The solo begins with the dancer standing, veiled, on the stage. She raises one arm upward and then begins to move out from this central position. Throughout the dance she uses the veil in many different ways, sometimes holding it so that it balloons, cloudlike, behind her, or floating it along the floor in serpentines, or shrouding herself in its gossamer folds. Some of her actions are indeed reminiscent of Fuller, but here they are used not so much to create effects in themselves, as to aid in the projection of emotion. Nichols, looking beautiful with her hair loose and flowing, gave the dance a sense of sadness stoked by memory of a past that contained joy as well as sorrow. The dance took on special meaning since we know that Nichols will retire at the end of this season.

“Pavane” was surely meant as a pièce d’occasion, and it remains a small addition to the Balanchine repertory. But it also points to Balanchine’s choreographic history in neo-romanticism and his interest in its forms throughout his career. It was as a neo-romantic that he came to America, and it may have been that aspect of his work that appealed to Kirstein. Kirstein was intensely interested in surrealism and neo-romanticism, which shared a concern for dreams, visions, memory, and the unconscious. Certainly Kirstein initially touted Balanchine as a neo-romantic rather than an abstract formalist. So “Pavane” was an appropriate dance for these memorial concerts in form and style as well as theme.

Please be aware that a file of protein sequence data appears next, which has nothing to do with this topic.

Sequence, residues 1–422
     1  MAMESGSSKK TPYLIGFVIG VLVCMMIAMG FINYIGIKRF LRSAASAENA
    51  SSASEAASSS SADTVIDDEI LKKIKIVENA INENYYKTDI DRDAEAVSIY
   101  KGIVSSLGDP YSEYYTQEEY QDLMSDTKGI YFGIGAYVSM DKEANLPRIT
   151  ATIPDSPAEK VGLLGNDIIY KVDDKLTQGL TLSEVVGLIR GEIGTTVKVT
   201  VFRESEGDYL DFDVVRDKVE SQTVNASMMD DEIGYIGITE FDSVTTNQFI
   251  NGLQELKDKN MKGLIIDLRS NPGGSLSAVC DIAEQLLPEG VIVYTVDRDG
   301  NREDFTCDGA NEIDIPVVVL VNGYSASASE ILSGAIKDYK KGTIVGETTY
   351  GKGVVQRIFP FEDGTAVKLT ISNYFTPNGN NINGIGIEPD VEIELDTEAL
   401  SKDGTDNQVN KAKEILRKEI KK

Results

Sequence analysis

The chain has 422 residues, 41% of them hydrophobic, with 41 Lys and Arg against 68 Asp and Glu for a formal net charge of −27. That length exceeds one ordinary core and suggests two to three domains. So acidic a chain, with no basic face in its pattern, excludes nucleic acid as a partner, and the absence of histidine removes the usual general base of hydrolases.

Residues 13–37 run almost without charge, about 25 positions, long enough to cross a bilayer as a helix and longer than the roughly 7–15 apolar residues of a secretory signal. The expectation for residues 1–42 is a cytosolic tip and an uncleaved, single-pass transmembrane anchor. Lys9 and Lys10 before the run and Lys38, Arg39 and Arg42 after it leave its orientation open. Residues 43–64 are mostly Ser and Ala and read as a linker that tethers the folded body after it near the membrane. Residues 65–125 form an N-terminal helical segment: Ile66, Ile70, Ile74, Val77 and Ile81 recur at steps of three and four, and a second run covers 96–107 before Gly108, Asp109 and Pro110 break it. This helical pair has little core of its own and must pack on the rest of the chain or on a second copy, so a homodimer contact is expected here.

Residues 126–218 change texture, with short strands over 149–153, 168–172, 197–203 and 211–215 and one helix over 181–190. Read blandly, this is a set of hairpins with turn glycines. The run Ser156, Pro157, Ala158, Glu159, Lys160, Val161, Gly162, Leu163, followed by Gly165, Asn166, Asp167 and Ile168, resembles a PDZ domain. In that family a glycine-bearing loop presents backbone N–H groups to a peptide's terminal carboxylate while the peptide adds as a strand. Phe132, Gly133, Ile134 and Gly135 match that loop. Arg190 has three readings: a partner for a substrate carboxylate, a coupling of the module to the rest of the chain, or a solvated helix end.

“The Four Temperaments” was on the first program of Ballet Society, New York City Ballet’s precursor, in 1946. Ballet Society was another Kirstein brainstorm, a subscription series that included not just ballet, but publications, vanguard productions of chamber opera, on two occasions modern dance (Iris Mabry and Merce Cunningham), and even an appearance by a group performing Javanese court and popular dances. “The Four Temperaments” heralded the direction of Balanchine’s future experimental works, often called black-and-white ballets because they were danced in leotards. In fact, “The Four Temperaments” originally had costumes by the surrealist Kurt Seligmann, but Balanchine abandoned them in the early 1950s because they were bulky and hard to move in. He substituted practice clothes and in the process created a genre.